How to Avoid Trademark Infringement, Lost Profit, and Brand Damages
It's Friday morning. Instead of enjoying your usual cup of coffee with today's newspaper, you're reluctantly reading something new: Legal papers. You're being sued for trademark infringement, and all you can think is, "How much is this going to cost me? How will this affect the business moving forward?"
Trademark infringement lawsuits have many moving parts. Each case must be evaluated based on its own facts, circumstances, and local laws.
The good news? There is a strong likelihood you will settle before ever reaching court. Contrary to popular belief, most cease and desist letters do not lead to litigation. Proceeding to trial is an expensive process most parties would prefer to avoid if possible.
Being Sued for Trademark Infringement Damages
Should a resolution be identified to the complainant’s satisfaction, all charges will be dropped. But what if you, the defendant, don't want to roll over and comply?
Assuming the plaintiff isn't Microsoft (although there are many examples of the little guys beating the big guys in trademark law), you may want to challenge that complaint in court. But you will first need to be aware of all the potential costs that could be incurred. For the remainder of this article, we'll discuss those costs, along with how to best avoid them in the first place.
The Costs Involved
When entering a trademark infringement case, there are three categories of costs to be aware of
Profits unjustly incurred by you
Profits lost by the plaintiff
Actual damages incurred by the plaintiff
Your opponent (the plaintiff) is trying to prove that you (the defendant) used their trademark to convince others that your offerings were associated with, or sourced from, their offerings in a manner that was harmful. In most cases, the basic goal is injunctive relief.
It's important to note the legal system is prudent in regards to rewarding trademark infringement damages. The rewards can not be punitive and must not benefit the plaintiff more than is required to repair the damage. However, damages canbe recovered if the burden of proof is met.
If the plaintiff has successfully established that they have incurred damages, they can seek to recover any profits you made from using the mark (minus the expenses they would have incurred to earn said profits). Information from discovery helps the owner prove the infringer’s profits. An economic expert calculates profits and confirms that defendant only deducted reasonable costs from its claimed variable operating costs.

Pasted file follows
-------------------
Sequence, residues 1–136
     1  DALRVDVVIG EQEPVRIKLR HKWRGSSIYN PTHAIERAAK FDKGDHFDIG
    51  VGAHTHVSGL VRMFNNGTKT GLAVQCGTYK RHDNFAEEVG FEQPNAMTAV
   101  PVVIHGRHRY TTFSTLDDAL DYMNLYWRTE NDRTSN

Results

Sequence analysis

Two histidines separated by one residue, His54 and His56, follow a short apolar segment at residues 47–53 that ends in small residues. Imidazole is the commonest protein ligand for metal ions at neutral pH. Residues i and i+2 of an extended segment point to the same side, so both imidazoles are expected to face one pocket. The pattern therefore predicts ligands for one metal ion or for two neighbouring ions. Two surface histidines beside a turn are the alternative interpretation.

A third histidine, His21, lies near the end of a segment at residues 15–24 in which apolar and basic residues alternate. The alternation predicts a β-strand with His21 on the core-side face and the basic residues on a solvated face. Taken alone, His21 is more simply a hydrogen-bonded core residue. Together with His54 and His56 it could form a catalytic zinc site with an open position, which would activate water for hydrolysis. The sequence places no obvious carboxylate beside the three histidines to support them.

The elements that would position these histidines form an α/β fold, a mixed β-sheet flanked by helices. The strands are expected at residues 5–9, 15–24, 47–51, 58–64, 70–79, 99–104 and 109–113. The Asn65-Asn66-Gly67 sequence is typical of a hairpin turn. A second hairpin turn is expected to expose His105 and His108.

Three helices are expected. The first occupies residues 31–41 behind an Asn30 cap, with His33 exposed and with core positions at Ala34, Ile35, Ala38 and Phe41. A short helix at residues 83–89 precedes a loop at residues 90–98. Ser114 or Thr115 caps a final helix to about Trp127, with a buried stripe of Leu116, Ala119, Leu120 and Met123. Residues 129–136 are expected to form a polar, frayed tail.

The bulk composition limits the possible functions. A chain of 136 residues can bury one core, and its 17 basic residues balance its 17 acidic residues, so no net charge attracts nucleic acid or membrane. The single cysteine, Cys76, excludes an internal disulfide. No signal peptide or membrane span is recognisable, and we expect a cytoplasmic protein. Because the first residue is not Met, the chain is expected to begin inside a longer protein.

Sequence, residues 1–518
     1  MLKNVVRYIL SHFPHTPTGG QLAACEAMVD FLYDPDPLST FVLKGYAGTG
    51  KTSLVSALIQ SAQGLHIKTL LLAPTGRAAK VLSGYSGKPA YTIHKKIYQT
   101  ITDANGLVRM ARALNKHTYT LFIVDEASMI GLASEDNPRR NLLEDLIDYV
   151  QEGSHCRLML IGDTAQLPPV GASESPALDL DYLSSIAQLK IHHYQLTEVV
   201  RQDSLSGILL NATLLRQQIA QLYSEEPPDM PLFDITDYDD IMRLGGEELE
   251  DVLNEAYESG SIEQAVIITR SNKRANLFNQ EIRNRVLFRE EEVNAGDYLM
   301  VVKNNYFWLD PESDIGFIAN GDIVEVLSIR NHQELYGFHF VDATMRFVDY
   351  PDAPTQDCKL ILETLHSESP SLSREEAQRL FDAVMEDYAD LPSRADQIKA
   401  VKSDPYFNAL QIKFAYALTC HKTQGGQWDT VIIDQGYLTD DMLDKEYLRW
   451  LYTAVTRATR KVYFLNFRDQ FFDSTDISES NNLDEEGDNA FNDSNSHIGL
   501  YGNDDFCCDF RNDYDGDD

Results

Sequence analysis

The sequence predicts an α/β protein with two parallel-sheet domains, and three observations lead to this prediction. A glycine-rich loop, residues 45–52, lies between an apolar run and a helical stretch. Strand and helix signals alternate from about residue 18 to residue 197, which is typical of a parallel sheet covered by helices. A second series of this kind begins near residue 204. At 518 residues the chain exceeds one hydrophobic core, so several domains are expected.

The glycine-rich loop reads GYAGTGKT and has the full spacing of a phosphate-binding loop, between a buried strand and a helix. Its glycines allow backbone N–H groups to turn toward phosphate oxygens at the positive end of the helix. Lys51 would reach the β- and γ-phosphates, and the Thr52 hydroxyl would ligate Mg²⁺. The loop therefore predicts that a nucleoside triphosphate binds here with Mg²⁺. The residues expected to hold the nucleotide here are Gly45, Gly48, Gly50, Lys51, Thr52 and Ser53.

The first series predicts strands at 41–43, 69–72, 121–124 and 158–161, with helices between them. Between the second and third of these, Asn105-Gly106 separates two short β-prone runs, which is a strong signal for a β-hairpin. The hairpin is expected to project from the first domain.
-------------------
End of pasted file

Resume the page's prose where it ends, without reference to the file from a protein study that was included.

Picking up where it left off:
2. Actual Damages
Alternatively, a party can be awarded actual damages if they have proven customer confusion resulted in either a). Economic loss or b). Unjustly enriching the infringer. Actual damages fall into three categories:
Lost Profits: Measuring lost profits involves calculating the revenue the owner would have earned if not for the infringer’s actions, less the variable operating costs that would have been incurred to earn those revenues. Economic experts perform this analysis by considering:
Plaintiff’s manufacturing and marketing capability to absorb production increases
Demand for the product sold under the trademark
Absence of acceptable noninfringing substitutes
The profit plaintiff would have made
Loss of Goodwill: Estimating loss of goodwill requires comparing the value of the owner’s goodwill before and after the infringement. Comparative data, like the plaintiff’s drop in market share or impact measured by consumer surveys, is assessed by economic experts to calculate damages.
Corrective Advertising Costs: Finally, the plaintiff may garner corrective advertising reimbursement. Corrective advertising costs can only occur in a market where the plaintiff and defendant are direct competitors. Again, economic experts can review costs for similar types of advertising to arrive at a fair number.
3. Reasonable Royalty
Finally, the third type of trademark infringement damage that can be awarded is a reasonable royalty. This number is calculated based on the "reasonable value" of the licensed trademark in question. The reasonable royalty rate is determined by constructing a hypothetical negotiation for licensing the trademark between the parties at the time infringement began.
Using these factors, the expert reaches a royalty expressed as a percentage of defendant’s sales (e.g., 5 percent reasonable royalty), a per-unit amount (60 cents per subscription) or a flat sum. That number is then applied to the defendant’s infringing sales to derive a damages figure.
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